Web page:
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Over the years, I’ve had the privilege to travel the country to speak to audiences of all ages. Without fail, someone always asks what inspires my work. So, here’s the story behind the story of my romance novel, “The Violin Players.”
When I was growing up, there were country clubs and residential communities dubbed “exclusive:” code for no Jews or Blacks allowed.
I was in college for less than two weeks when another dorm student crudely remarked, “ Look, there go the Jew and the Chocolate,” pointing to myself and my African American theater classmate. I heard giggles in the background.
Ten years later, my husband and I moved to the Midwest for a career opportunity. I inquired about renting in a charming area, but our recruiter advised against it. “You wouldn’t be welcomed there,” is all she said.
None of these incidents were brutal experiences, but they did ensure that I kept my guard up. I hoped that by the time my daughter was in high school her experiences would be different. Sadly, among high school kids, anti-Semitic slurs and racial jokes were still commonplace.
That’s when I decided to write “The Violin Players,” about a savvy 15-year-old New Yorker named Melissa Jensen, who suddenly finds herself living in a small midwestern town. Melissa was supposed to be the lead in her school play, captain of the debate team and first violinist in her New York school orchestra. Instead, she has forfeit her Junior year glory and venture out to an obscure town “in the middle of nowhere.”
However, her arrival in Henryville is filled with pleasant surprises. First, there’s the handsome captain of the football team. Then, there’s her new drama teacher, a former Broadway actor. And who would have guessed that her new school orchestra would be every bit as good or maybe even better than in New York. And then there’s Daniel Goodman, the remarkable boy (with those dreamy eyes) who shares Melissa’s passion for playing baseball and the violin. To top it all off, the coolest kids treat her like a celebrity simply for having grown up in the Big Apple.
Everything seems too good to be true, until Melissa is confronted with something that to date, she has managed to avoid: anti-Semitism. No one in Henryville suspects that Melissa is Jewish. Daniel, the only known Jewish student in the school, is harassed by a racist bully, who is also one of the school’s most popular athletes. Melissa must make a choice. She knows what is right. Her decision should be clear-cut. But life is never that simple.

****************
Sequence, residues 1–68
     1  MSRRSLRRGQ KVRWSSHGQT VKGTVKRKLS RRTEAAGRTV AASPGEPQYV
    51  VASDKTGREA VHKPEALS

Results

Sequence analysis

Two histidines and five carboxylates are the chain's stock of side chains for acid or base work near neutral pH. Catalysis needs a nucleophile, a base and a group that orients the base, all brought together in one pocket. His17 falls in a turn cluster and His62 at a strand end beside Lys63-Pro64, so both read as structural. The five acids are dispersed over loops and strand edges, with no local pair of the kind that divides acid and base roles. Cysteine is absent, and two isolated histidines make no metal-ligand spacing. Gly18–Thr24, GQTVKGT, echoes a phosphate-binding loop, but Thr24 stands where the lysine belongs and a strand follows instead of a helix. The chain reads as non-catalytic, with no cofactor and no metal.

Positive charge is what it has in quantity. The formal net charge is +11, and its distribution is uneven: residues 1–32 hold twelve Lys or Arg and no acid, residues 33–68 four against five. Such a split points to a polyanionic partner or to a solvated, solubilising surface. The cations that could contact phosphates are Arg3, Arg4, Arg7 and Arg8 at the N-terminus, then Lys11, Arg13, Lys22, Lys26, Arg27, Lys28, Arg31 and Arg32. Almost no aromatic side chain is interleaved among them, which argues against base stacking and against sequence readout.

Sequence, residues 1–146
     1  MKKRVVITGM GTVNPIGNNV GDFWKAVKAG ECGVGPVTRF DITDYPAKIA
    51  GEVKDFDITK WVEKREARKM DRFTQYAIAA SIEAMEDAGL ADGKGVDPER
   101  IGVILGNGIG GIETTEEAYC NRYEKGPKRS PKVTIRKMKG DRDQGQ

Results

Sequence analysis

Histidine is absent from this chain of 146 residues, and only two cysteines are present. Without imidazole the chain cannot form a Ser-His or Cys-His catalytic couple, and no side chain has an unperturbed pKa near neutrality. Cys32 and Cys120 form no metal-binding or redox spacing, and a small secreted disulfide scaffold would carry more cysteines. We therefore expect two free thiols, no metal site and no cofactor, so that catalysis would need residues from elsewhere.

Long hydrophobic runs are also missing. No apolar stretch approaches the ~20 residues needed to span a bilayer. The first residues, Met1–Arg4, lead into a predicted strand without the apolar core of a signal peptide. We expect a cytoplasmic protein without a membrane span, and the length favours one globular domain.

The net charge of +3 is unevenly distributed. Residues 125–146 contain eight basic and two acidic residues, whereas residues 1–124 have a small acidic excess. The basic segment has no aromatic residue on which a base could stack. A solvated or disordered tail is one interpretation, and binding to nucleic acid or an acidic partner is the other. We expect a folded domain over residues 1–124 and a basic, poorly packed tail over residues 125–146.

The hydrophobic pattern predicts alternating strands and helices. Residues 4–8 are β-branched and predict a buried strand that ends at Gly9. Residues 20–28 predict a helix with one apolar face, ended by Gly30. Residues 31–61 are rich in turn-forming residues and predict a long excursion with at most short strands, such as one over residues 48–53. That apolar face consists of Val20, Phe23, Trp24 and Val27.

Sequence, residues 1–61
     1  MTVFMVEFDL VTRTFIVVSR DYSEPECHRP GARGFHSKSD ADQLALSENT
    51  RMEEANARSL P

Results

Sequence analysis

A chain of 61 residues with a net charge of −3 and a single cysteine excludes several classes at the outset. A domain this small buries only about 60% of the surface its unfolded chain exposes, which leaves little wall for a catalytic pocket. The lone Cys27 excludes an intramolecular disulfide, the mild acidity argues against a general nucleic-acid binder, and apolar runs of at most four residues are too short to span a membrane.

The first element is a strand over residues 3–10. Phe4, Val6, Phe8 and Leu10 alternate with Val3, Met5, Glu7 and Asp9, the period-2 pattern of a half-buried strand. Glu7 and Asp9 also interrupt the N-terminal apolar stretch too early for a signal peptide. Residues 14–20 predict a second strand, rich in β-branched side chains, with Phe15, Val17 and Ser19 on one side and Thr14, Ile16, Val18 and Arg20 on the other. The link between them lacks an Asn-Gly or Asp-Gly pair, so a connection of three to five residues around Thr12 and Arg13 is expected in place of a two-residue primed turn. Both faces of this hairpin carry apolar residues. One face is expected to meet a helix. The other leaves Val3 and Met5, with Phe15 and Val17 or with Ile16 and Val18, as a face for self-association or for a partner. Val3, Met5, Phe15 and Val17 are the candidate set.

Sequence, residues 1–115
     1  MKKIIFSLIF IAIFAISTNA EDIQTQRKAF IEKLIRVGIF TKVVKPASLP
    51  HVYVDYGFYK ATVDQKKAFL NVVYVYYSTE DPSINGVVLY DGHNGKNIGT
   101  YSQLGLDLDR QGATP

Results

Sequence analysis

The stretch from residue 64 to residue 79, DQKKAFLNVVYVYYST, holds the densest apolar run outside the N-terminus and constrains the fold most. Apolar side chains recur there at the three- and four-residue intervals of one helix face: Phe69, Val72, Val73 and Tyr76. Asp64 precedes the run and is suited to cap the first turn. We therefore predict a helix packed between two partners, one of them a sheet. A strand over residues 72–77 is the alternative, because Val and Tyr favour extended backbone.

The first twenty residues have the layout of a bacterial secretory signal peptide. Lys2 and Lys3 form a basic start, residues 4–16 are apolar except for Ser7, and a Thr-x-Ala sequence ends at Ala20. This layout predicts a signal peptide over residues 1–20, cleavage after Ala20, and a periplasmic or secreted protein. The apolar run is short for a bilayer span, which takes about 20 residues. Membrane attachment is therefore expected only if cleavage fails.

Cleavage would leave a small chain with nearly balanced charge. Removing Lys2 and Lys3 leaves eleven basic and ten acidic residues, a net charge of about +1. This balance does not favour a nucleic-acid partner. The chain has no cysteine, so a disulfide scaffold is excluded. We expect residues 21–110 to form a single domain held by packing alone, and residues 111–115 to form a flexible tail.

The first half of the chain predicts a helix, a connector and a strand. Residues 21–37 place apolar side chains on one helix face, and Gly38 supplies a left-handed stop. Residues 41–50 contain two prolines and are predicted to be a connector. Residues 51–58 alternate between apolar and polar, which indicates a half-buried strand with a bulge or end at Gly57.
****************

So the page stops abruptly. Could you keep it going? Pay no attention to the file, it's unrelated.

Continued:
“The Violin Players” is my third young adult novel, published by the Jewish Publication Society. The first two were historical fiction. This novel is a contemporary teen romance that examines bigotry and bullying in high school and was first published in 1998. I received invitations to speak at schools, libraries and various organizations around the country. I even penned a stage adaption for a couple of teen theater groups, but honestly, I never considered recording an audiobook.
With the rise of violent anti-Semitic acts worldwide and hate language proliferating the internet, my daughter (now a mother herself) suggested I “dust off” the pages of “The Violin Players” and tell Melissa Jensen’s story to a new generation. I have no illusions. My audiobook will not eradicate bigotry but maybe it will serve as a reminder to speak out against it.
Emmy award winner Eileen Bluestone Sherman is a writer and producer. Her Young Adult novel, “Monday in Odessa,” won the National Jewish Book Award; her novel “Independence Avenue” won the International Reading Association Teachers’ Choice Award.
Bluestone Sherman also writes musical theater with her sister, Gail C. Bluestone. Songs from their show recordings, “Perfect Picture” and “The Odd Potato: The Broadway Album” have been concert highlights at Carnegie Hall and Lincoln Center and played on radio worldwide. Together with her producing partner, Grant Maloy Smith, she co-founded The Indie Collaborative. Their concerts, starring multi award-winning independent artists foster musical collaborations that cross genres and continents.
“The Violin Players” is her first audiobook and is now streaming on major platforms, including Audible, Apple Books, Libro.fm, Chirp, Google Play and Booktopia. The paperback version of “The Violin Players,” published by the Jewish Publication Society (an imprint of University of Nebraska Press), will be released in December and is currently available for preorder at Barnes and Noble.